Getting Started

Rewind the clock back 15 years and you will find me; overweight, unfit, unhealthy and in no means anything resembling a runner. Anyone can be a runner, if I can, then you can too. I started my fitness journey jogging and walking as a way to lose weight, get a little fitter and be a little healthier. I could barely run to one street lamp before I needed the walk break to the next but I persevered and slowly but surely the walk breaks were needed later and at some point I morphed into the runner I am today.

I wish I’d had someone to take me under my wing and give me a few tips about how to embark on this improved me but I had to learn the hard way. But you don’t! You don’t need to look a certain way, have a certain body shape or have any experience. All you need is your body, a pair of shoes and a purpose; a why.

Everybody’s why is different. Perhaps you want to get fitter and lose some weight like I did (initially), to achieve a goal like running a certain distance, to experience adventure like I do now, to push yourself to achieve more than you thought possible (also now me), to get outdoors, to be able to run with your dog or your children or just simply because you can.

So how do you get started?

  1. Firstly as the famous saying goes…
    Just Do It!
  2. Get the right shoes for you, visit a running store local to you and the team there should talk you through the options, get you trying on a few pairs and even going for a short run in them either outdoors or in the treadmill. Buying from your local store also means if the shoes don’t work for you, as in they cause you blisters or other pain, you can take them back.
  3. Wear comfortable clothes that make you feel good, don’t worry about having to look a certain way or wear certain brands just feel comfortable in what you’re wearing. Everyone’s different, some people like vest tops others prefer a short or long sleeve top, some will like tight fitting clothes others prefer loose clothing, short or long it’s totally your choice.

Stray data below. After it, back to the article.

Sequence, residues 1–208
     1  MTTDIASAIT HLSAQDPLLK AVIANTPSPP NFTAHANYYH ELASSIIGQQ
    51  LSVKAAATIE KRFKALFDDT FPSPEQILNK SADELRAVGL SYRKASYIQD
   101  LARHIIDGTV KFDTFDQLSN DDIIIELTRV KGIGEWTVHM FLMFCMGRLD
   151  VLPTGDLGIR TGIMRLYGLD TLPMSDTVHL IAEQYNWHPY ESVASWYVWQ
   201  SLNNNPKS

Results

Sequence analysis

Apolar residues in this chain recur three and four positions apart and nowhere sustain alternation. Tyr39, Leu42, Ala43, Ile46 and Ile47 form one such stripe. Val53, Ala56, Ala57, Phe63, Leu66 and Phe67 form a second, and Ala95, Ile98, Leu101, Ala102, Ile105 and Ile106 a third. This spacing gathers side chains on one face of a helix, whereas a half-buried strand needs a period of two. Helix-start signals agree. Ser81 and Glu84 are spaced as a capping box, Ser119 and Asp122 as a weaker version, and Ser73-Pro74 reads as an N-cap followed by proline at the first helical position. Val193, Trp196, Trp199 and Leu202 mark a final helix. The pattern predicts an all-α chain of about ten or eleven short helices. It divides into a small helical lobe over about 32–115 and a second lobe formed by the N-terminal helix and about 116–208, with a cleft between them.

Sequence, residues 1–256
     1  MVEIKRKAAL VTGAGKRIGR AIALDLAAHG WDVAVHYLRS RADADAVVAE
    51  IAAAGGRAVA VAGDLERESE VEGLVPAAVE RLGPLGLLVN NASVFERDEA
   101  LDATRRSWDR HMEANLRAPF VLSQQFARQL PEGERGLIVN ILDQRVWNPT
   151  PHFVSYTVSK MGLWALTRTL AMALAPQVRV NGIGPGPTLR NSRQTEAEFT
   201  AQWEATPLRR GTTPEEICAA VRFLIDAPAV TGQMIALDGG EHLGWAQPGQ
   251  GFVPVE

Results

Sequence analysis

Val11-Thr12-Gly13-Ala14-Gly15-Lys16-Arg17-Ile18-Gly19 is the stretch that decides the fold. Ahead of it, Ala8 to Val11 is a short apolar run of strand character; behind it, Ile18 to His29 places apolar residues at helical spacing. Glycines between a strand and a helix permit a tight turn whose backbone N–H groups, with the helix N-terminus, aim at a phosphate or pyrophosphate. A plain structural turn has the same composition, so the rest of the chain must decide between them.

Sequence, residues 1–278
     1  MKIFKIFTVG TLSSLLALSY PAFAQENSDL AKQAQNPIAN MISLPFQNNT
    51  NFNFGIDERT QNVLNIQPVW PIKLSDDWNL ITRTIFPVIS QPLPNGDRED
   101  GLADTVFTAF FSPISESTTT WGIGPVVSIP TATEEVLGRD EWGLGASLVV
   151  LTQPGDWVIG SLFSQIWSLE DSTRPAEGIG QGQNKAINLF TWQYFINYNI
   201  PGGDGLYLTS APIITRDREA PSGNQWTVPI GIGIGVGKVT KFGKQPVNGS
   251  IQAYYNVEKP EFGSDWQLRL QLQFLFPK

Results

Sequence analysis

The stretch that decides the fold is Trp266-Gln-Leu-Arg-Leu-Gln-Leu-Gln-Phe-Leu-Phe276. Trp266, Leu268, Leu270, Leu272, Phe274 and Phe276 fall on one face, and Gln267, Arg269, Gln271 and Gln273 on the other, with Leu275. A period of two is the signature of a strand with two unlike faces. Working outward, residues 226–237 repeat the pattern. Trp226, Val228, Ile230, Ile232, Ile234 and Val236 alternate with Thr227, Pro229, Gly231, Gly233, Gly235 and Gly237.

4. Get a schedule and stick to it! Consistency is key here. There are some great online and/or apps of ‘Couch to 5k’ plans that set you a very realistic program to follow taking out the guessing work of how and when to increase both the amount of time you run Vs walking and increasing the distance covered without overdoing it.
  5. If you’re a social butterfly look to join a local running group, there are loads of beginner groups out there and joining other people on a similar journey to you will give you some friendly inspiration and give you a reason to turn up. (Following social distancing guidelines in your area of course). Park Run, a free weekly timed 5k run, is also a great way to be in a running community that truly welcomes all levels of fitness from runners going for personal best fast times to those that walk the entire 5k.
  6. Enjoy rest days as well, you need to give your body a chance to not only recover but adapt to your new training.
  7. Nutrition & Hydration – Look after your body by feeding it healthy and nutritious food and stay hydrated to allow your body to fuel and recover from your runs to make you stronger,
  8. Make yourself accountable by sharing your goals with your partner or a friend. Did you know only 8% of people achieve silent goals, 33% if you write your goals down and if you share these goals with someone then staggeringly you are 65% more likely to achieve them!
  9. Have fun.

    I hope to virtually see you joining Gobi, Dion and I on Saturday 30th May whether you walk,jog or run for our virtual ‘Jog with Gobi’ and support a fantastic cause that’s close to our hearts.

    The path to running is not always easy, some days will feel easier than others but stick with it and you might just surprise yourself!

Veganuary – A Game Changer

I’ve been looking for a good excuse to try veganism for a while now, constantly finding reasons why the time was never right, then I watched a documentary that would change my perspective completely.  A friend of mine had recommended a Netflix documentary ‘The Game changers’ to watch, not in a preaching way, but purely as a compelling documentary that would be interesting to watch and then discuss.  It was a game changer.  I’d always thought going vegan was just about saving the animals, which is a great cause in itself of course, but this was also about my health and shockingly so.